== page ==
In a victory for free speech, the United States District Court for the District of Maryland has ruled that the portion of a federal anti-stalking statute, 18 U.S.C. § 2261A(2)(A), pertaining to causing emotional distress via an interactive computer service is unconstitutional as applied. The opinion in the case, United States v. Cassidy, can be found here.
In this case, the federal district court held that the First Amendment protects anonymous posts online. The opinion, a textbook example of original public meaning jurisprudence, is rife with historical example. Here is a great analogy from the opinion:
Because this case involves First Amendment issues, terms that were in use by citizens when the Bill of Rights was drafted may help in understanding the legal context of Blogs and Twitter. Suppose that a Colonist erects a bulletin board in the front yard of his home to post announcements that might be of interest to others and other Colonists do the same. A Blog is like a bulletin board, except that it is erected in cyberspace rather than in one's front yard. If one Colonist wants to see what is on another's bulletin board, he would need to walk over to his neighbor's yard and look at what is posted, or hire someone else to do so. Now, one can inspect a neighbor's Blog by simply turning on a computer.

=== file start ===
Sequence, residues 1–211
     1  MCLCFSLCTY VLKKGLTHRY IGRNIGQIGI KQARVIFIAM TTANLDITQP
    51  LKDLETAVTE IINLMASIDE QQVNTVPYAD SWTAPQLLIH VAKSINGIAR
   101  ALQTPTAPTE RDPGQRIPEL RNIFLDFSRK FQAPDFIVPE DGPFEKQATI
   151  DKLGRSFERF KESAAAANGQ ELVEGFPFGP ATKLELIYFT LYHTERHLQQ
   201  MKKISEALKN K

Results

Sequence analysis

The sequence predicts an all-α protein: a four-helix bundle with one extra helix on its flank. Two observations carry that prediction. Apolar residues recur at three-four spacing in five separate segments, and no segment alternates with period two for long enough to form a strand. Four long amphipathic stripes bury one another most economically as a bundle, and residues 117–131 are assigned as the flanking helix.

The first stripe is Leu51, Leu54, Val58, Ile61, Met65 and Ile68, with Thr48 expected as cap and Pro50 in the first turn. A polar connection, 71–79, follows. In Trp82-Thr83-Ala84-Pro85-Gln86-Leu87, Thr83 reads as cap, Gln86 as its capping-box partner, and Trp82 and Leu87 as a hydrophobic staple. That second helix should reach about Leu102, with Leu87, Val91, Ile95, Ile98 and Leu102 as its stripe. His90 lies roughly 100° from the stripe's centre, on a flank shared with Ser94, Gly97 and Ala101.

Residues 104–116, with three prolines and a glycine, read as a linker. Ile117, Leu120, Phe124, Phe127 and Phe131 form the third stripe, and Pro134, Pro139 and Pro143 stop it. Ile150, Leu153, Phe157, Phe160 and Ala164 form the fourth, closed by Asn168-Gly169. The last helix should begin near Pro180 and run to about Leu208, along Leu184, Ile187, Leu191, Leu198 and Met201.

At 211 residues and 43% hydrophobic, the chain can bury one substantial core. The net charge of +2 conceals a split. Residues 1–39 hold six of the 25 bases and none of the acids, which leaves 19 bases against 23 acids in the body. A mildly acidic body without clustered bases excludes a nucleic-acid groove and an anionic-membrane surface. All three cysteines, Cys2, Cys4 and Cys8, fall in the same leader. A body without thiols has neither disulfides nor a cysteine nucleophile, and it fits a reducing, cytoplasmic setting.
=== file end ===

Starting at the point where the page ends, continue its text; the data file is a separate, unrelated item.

This decision is significant because it represents a real sensitivity to the timeless nature of the rights guaranteed by the First Amendment. The court in Cassidy notes that "[e]ven though the Internet is the newest medium for anonymous, uncomfortable expression touching on political or religious matters, online speech is equally protected under the First Amendment as there is ‘no basis for qualifying the level of First Amendment scrutiny that should be applied' to online speech." (Citation omitted.) Too often, college administrators forget this point.
FIRE has noted before, in our own blog posts and in timely legal scholarship, that the First Amendment rights of college students and professors are just as strong online as they are in print or voiced aloud. We are thankful that courts such as the district court in Cassidy are thinking the same way!